Virtual Tour: Compromising Miss Tisdale by Jessica Jefferson

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Ambrosia Tisdale is the very picture of propriety and the epitome of what a respectable young lady should be. Haunted by a memory and compelled by her family, she pursues perfection to a fault.

The Earl of Bristol, Duncan Maddox, has returned to London after years of familial-imposed exile. As the second son, he has led a life filled with frivolity, leisure, and a healthy dose of debauchery. Now his older brother has died, leaving the family’s flailing legacy in Duncan’s unwilling arms.

At the behest of his uncle, Duncan is advised to do the one thing that could provide instant fortune and respectability—he must marry. But there is only one prospect who meets the unique requirements to solve all the Earl’s problems—the lovely Miss Ambrosia Tisdale. But securing the prudent daughter of a Viscount’s hand proves to be more challenging than this scandal-ridden second son of an Earl has bargained for.

With scandal, extortion, treachery, and even love itself threatening to keep him from his goal, will Duncan succeed or find himself compromised by Miss Tisdale?

Excerpt

VBT Compromising Miss Tisdale Book cover Banner copyDuncan spun her around the room with a grace that was unprecedented, despite her extensive experience. She was suddenly very aware of her own awkward steps. Ambrosia raised her eyes to look into his, taking note of just how many lines crinkled at the corners when he smiled – which was often. He smiled much like her sister Tamsin – unadulterated, as if no care in the world can dampen their spirits. She was often jealous of her sister’s easy joy, but as she basked under the light of his, she too felt a bit more carefree.

And that was what attracted her to this wicked man – the expectations of society, of her family, and herself were made lighter by proxy.

The music coming from the orchestra drowned out the other couples and the spinning made her feel as if she were in some sort of inebriated state, despite only indulging in only two cups of ratafia. Ambrosia was by no means a dainty woman, but in his arms she felt as if she were light as air.

Duncan appeared cheerful, but not nearly as heady as she felt. “I hope you find my dancing agreeable. It is somewhat an area of pride for me. When I was younger, my uncle insisted I learn to dance well, and years later I am eternally grateful for the skill. In fact, I’ve been told many times that it is certainly the best thing I do . . . on two feet.” The gold flecks in his eyes flashed with the wicked innuendo of his statement.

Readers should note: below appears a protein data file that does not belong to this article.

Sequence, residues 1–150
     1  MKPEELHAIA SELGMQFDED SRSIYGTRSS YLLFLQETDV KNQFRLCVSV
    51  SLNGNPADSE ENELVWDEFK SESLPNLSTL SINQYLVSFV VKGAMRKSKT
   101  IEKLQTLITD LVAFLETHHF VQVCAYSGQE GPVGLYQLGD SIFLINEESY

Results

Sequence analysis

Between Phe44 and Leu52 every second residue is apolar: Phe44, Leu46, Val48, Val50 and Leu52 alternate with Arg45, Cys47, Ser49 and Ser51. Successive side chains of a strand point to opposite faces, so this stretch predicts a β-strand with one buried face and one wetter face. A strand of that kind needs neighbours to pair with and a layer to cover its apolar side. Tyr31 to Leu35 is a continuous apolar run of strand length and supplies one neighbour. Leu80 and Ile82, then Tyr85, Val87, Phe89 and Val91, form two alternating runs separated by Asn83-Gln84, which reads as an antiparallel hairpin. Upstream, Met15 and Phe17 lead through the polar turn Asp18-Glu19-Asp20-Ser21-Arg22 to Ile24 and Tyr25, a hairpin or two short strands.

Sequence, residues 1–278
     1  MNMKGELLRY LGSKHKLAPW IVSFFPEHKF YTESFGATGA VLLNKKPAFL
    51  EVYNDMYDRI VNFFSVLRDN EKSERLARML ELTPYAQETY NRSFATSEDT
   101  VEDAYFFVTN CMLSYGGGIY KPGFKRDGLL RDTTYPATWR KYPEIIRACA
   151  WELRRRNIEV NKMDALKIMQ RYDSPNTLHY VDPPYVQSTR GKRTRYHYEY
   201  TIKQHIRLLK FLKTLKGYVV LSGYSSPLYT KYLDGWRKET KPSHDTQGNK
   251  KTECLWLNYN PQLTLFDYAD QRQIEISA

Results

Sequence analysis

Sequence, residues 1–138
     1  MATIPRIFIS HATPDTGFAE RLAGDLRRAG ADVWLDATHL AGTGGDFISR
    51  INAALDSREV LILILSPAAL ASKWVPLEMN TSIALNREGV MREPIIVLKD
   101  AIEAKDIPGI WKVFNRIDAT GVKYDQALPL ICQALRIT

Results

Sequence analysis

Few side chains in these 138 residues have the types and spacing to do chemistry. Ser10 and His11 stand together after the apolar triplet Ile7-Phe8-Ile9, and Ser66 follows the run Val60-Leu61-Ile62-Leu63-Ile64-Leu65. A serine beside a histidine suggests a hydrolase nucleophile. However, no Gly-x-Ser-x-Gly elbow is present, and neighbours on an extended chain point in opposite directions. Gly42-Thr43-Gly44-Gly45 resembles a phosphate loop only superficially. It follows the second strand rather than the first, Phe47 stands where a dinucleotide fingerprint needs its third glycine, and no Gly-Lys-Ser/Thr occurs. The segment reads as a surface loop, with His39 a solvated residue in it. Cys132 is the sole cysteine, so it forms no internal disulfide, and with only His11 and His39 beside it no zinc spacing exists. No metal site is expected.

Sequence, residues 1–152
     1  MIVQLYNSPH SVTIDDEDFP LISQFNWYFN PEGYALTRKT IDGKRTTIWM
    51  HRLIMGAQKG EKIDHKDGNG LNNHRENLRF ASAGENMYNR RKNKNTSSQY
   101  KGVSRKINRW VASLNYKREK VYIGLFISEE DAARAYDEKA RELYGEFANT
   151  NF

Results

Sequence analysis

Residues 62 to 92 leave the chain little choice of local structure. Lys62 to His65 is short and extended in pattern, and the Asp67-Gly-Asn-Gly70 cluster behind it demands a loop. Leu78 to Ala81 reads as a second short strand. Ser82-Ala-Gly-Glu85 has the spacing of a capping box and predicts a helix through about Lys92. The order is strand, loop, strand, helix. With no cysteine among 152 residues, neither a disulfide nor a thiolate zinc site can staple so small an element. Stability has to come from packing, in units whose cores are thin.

Our Review

Publisher and Release Date: Soul Mate Publishing, November 5, 2013

RHL Classifications:
Time and Setting: Regency London
Genre: Historical romance
Heat level: 2
Reviewer rating: 4.5 stars

Review by Maria Almaguer

I thoroughly enjoyed this charming and beautifully written début novel.

Miss Ambrosia Tisdale, the eldest of four floral-named sisters, the others being Tamsin, Rose, & Lilly – is enduring her fourth London Season. A serious young woman, she seeks a good match with a good man. She has felt the responsibility of being the best that she can be ever since her beloved brother, the family’s only son, Thomas, died. She’s good with numbers and helps her father keep his estate ledgers, but she also excels at the feminine accomplishments including embroidery, drawing, and music. She is refined and smart but she realizes it is to her (and her family’s) advantage to marry well. In this way she reminded me of the very proper Amelia d’Orsay in Tessa Dare’s One Dance with a Duke. And, like Amelia, Ambrosia is both intrigued and shocked by Duncan’s scandalous reputation.

Duncan Maddox is the wild youngest son who inherits the mantle of earl after his brother’s untimely death; he never wanted nor expected to become the Earl of Bristol. His beloved uncle, Richard, who is dying, summons him to London and details his expectations for him: to marry a lady from an impeccable family and become a respectable and trustworthy peer. He will do this for his uncle, as he does not wish to disappoint him.

Ambrosia’s sisters are a delight and I really felt the love and warmth of the Tisdale family. Ambrosia is a mentor to them, a sort of mother hen, entreating them to be ladylike and admonishing them into good behavior. Lilly, the youngest, has already made a love match and is encouraging her eldest sister in her own quest for true love. Rose is a quiet bluestocking, and Tamsin is an outspoken tomboy. I loved the scene when Tamsin warns Duncan not to hurt Ambrosia or else. I can’t wait to read her story.